SCRAP Entertainment’s first Real Escape Game was held in Japan, and nowadays the company is putting on events in San Francisco, Seattle, and Los Angeles. In addition to the basic Mysterious Room, people have escaped from the Magic Show, the Werewolf Village, and other sticky scenarios. There are also Real Escape Game branches in Singapore, Taiwan, and China, plus there seem to be at least four live-escape game companies operating in the UK, so I’m going to call this a worldwide phenomenon. If the rest of this sounds fun to you, you may be able to find something similar nearby.

On the particular Sunday on which I fell into a rift in time and space, never to be seen again, my team of six assembled in a cute tea shop below the venue, a nice, clean spot in San Francisco’s Japantown that’s probably normally used for art installations or something.

The signs warn you to use the restroom before the game starts, since you will literally be locked in the Lab for the next hour. (As it turns out, there’s a “lab technician” in the room with you the whole time, so it’s not as dramatic as the waiver makes it sound, but the game timer’s not going to pause while you take a bathroom break, so it is something to think about!)

“Detective-style clothes might help to sharpen your mind,” the Web site said, but also, “refrain from wearing heels,” so I squashed my first impulse of Victoriana. Clearly we’d need to be physically active to some degree. In Web-based room escape games, you need to examine everything, from the undersides of furniture to the tops of light fixtures. I settled for a Nancy Drew T-shirt, sneakers, and my lucky magnifying glass.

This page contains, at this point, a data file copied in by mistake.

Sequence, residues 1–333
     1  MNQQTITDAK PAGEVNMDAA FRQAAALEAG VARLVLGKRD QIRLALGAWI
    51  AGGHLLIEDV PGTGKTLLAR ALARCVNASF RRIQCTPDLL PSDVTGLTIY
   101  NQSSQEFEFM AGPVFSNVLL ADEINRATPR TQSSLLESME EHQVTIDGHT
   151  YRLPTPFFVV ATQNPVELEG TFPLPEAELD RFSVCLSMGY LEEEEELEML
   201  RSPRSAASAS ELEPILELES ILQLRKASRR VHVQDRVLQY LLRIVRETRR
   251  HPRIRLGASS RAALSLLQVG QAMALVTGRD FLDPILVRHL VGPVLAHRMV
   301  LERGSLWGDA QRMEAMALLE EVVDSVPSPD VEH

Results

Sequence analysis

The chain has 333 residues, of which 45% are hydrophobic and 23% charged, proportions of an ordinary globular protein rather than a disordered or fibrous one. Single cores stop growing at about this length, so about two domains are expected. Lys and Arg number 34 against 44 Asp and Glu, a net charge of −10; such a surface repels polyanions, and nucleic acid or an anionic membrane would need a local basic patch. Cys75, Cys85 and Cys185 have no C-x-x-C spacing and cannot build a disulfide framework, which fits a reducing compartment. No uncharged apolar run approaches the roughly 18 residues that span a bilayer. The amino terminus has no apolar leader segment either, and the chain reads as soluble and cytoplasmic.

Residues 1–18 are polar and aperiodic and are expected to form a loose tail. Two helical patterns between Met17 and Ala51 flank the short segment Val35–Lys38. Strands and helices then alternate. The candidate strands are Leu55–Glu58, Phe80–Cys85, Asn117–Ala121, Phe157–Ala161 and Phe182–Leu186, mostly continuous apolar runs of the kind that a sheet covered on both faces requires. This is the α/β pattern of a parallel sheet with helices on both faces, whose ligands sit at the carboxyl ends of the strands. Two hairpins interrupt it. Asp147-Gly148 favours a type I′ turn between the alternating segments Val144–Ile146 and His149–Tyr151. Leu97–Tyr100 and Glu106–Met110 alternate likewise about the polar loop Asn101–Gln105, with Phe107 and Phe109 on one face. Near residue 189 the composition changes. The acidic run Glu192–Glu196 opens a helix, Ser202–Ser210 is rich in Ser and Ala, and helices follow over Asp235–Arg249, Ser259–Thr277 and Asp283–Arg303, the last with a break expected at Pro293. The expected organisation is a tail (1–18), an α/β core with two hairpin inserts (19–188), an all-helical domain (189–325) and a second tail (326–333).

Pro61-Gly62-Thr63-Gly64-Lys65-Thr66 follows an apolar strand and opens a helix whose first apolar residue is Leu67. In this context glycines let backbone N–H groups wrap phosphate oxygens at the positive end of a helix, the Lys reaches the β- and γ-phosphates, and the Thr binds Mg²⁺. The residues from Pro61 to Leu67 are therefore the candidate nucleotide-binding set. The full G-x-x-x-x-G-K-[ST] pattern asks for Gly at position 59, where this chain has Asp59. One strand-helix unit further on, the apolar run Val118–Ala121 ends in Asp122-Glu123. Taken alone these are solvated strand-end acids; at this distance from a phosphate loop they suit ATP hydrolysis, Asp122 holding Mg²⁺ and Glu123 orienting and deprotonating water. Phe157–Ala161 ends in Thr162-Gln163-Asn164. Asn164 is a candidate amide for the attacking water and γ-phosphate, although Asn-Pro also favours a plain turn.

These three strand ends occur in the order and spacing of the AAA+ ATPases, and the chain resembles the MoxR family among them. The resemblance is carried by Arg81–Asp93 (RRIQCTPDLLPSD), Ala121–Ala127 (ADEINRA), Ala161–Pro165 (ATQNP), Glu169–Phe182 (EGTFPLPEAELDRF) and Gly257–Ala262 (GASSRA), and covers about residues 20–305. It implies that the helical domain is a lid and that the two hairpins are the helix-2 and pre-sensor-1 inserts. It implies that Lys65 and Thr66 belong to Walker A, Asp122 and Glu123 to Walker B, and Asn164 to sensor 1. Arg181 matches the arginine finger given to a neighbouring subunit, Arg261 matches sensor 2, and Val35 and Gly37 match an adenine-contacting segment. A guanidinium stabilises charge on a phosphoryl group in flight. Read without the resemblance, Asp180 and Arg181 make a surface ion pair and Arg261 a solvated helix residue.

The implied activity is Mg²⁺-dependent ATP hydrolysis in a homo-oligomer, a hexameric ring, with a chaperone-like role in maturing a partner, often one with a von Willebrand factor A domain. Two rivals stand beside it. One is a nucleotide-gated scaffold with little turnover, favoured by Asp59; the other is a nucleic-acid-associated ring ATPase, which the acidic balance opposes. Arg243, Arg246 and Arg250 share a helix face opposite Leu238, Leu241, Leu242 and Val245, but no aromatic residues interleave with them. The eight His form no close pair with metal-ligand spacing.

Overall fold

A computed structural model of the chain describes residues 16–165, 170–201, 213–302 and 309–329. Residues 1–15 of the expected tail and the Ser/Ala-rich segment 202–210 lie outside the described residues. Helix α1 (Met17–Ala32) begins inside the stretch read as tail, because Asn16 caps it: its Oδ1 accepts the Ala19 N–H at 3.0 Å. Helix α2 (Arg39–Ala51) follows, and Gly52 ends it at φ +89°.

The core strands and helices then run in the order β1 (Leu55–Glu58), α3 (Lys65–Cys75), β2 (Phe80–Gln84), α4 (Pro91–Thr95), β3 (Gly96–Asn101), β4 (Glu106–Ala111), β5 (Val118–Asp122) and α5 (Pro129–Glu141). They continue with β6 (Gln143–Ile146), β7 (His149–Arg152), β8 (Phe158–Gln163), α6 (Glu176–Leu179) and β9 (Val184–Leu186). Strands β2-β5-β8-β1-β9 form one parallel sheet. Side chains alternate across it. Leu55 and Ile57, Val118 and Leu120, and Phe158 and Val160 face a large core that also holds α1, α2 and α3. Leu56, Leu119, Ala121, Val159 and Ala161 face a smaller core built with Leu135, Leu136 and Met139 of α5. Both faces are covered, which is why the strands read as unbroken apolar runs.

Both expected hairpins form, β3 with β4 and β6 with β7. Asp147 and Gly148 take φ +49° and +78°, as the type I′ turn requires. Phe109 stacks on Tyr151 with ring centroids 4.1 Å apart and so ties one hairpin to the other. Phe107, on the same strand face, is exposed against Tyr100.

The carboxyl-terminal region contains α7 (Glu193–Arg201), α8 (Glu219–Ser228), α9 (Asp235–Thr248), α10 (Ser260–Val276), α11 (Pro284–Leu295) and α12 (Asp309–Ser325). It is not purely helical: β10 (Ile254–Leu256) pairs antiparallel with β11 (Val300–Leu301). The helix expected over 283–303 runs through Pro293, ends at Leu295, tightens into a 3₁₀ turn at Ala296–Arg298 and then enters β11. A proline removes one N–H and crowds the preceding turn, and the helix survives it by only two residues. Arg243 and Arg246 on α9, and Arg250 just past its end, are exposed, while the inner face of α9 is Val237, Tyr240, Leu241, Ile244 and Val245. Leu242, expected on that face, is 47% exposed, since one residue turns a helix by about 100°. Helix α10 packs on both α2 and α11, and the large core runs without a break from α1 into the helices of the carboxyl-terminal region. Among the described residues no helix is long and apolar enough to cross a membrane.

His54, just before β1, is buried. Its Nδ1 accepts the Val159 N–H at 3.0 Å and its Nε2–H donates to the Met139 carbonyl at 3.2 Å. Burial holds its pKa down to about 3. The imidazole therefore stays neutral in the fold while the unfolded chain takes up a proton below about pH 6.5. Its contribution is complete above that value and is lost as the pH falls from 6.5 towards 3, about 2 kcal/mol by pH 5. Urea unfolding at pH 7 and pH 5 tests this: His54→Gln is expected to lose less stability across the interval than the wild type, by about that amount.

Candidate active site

As I’d suspected, I didn’t actually get to use the lens: you’re not allowed to use any items you bring in. Including multitools, the cheerful young MC told us firmly. (“Pens and paper?!” “They’ll be provided in the room.”) We hung our jackets on a rack outside, but there was a clear, closed bin inside the room where we could store our purses and bags, thus removing most worries about credit cards going missing.

my lucky magnifying glass

It’s my lucky magnifying glass because it’s pretty, all right? Not because it saved us from wibbly-wobbly timey-wimey destruction, because it didn’t.

Toni Thompson)

The game is played in groups of 11, so we were thrown in with 5 very nice strangers. Going around the room, we introduced ourselves and described our experience with these types of games, and time travel in general. My aunt (she of the Thor socks) claimed to be from the year 2038. Her friend obligingly said he had come to our time in pursuit of her. Another friend revealed that he’d been time traveling at a rate of roughly 1 minute per minute for…quite some time now. The MC’s face: “So this should go well.”

The opening briefing laid out some parameters of the game, though it didn’t ultimately keep us from being lost in an eternal temporospatial limbo. The directions were clear as to, for example, what objects in the room we could and couldn’t disassemble. (Did reading those words make you want to click over to buy tickets? Then we’re on the same page.)